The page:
L Patryas, J Cher, IYF Leung, K Neelam, M Makridaki, D Carden, TTJM Berendschot, RLP
van der Veen & IJ Murray
In: Macular Carotenoid Conference; Cambridge. 2013.
Purpose: Measuring macular pigment optical density (MPOD) with different methods appear
to produce differing results in the same individuals, especially when dissimilar principles
are employed. Ascertaining to what degree these methods correlate will enable the
scientific community to interpret past and future research studies in this field.
Here we describe two series of experiments which compare recent techniques used to
measure MPOD. Methods: First, we used a macular pigment reflectometer1 (MPR) with
capture angle 1, modified to measure at eccentricities of 0, 1, 2, 4, 6 and
8. These data were compared with those obtained from the Macular Pigment Screener2
(MPS) modified to assess MPOD at 0.5, 1, 2, 4, 5, 6 and 7. Nineteen healthy
individuals (mean age 26 8 years) were tested. In a second experiment, we compared
the right eyes of twenty-five healthy individuals (mean age 23 3 years) using MPS
and a Macular Densitometer2 (MD).Results: There was a strong correlation between the
MPR and the MPR techniques (r = 0.72, p = 0.001) with the absolute estimates obtained
by MPS being lower than by MPR. These differences could be explained by i) non-zero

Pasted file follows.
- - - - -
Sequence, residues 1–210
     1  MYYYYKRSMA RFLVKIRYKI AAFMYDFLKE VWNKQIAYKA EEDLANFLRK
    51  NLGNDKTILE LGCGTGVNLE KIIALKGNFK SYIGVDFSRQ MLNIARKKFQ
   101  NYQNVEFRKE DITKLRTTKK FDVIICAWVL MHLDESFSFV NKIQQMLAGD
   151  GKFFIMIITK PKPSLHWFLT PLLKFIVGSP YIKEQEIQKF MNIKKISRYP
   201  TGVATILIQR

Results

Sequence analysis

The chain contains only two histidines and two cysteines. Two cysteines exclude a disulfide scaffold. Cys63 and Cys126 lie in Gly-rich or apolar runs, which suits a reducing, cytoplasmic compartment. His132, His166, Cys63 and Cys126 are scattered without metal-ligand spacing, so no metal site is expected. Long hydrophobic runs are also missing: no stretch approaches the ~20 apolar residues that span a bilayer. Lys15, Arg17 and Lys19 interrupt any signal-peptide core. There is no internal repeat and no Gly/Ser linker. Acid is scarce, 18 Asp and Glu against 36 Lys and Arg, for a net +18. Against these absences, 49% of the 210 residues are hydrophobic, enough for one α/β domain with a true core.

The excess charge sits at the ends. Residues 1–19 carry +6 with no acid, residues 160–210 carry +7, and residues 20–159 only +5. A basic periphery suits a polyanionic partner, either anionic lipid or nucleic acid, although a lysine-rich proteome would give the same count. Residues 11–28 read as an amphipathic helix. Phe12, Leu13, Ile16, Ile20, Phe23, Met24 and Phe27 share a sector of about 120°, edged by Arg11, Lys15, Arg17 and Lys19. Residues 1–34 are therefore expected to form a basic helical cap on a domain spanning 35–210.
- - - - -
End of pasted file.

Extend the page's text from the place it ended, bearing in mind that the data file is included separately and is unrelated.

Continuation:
values at 8 eccentricity and ii) assuming the subjects used a point 0.4 from the
centre of the stimulus to set flicker thresholds. The correlation between the MPS
and MD was high (r = 0.82, p < 0.0001), with the MPS again producing lower absolute
values. Repeatability was assessed with 10 individuals. Coefficients of repeatability
for MPD and MPS were 0.21 and 0.06, respectively. Conclusions: The MPS, the MPR and
the MD provide broadly similar results. It is inevitable that different absolute values
are obtained, The important factor is the predictability from one method to another.
It is essential that practitioners obtain normative data for any particular instrument
as it is well known that many factors influence the assessment of MPOD. The MPS has
the advantage of the centre-only facility, designed for clinical practice. This enables
rapid determination of MPOD and is ideal when differences between consecutive measurements
are required when monitoring the results of supplementing with retinal carotenoidsDisclosures:
The MPS is protected by a patent owned by Ian Murray and David Carden.References 1.
van de Kraats J, Berendschot TT, Valen S, & van Norren D (2006): Fast assessment of
the central macular pigment density with natural pupil using the macular pigment reflectometer.
J Biomed Opt 11(6):064031.2. van der Veen RL, Berendschot TT, Makridaki M, Hendrikse
F, Carden D & Murray IJ (2009): Correspondence between retinal reflectometry and a
flicker-based technique in the measurement of macular pigment spatial profiles. J
Biomed Opt.14(6):064046. 3. Wooten BR, Hammond BR, Land RI & Snodderly DM (1999):
A practical method for measuring macular pigment optical density. Invest Ophthalmol
Vis Sci 40:2481–2489.